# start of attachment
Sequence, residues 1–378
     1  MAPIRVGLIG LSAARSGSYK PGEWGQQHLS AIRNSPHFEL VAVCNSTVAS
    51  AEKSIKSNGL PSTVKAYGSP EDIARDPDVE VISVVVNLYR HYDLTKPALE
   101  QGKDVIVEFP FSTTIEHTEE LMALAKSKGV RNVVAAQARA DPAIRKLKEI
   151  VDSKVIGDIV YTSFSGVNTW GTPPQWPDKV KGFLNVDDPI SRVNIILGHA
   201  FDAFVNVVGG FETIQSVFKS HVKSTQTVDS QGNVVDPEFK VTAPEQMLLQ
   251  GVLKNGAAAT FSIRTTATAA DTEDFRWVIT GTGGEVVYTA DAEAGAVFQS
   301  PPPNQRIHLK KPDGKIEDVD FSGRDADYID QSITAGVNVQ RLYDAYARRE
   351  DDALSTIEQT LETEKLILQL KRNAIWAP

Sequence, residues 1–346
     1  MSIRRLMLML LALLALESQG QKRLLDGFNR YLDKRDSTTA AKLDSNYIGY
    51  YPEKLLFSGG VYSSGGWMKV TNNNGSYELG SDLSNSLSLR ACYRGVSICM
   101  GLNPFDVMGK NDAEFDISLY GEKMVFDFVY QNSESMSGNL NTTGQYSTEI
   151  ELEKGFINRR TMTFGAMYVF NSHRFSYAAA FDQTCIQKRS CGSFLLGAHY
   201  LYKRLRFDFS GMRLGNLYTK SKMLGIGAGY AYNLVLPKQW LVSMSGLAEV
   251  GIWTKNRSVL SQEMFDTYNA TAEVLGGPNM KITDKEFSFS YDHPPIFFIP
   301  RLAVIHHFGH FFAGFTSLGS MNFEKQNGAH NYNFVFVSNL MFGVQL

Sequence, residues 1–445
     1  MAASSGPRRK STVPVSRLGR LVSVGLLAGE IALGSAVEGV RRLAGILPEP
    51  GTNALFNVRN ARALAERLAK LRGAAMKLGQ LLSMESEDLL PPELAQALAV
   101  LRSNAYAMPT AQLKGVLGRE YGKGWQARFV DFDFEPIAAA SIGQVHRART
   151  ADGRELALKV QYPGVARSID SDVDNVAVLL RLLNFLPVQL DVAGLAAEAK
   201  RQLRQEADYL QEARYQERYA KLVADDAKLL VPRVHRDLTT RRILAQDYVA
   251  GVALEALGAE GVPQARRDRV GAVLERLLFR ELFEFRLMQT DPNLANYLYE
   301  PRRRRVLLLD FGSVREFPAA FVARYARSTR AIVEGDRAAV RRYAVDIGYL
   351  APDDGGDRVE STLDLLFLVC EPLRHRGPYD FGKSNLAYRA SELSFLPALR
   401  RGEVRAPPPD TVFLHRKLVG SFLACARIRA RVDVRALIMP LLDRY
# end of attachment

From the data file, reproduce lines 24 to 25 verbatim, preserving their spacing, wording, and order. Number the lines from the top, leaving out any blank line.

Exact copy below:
   251  GVALEALGAE GVPQARRDRV GAVLERLLFR ELFEFRLMQT DPNLANYLYE
   301  PRRRRVLLLD FGSVREFPAA FVARYARSTR AIVEGDRAAV RRYAVDIGYL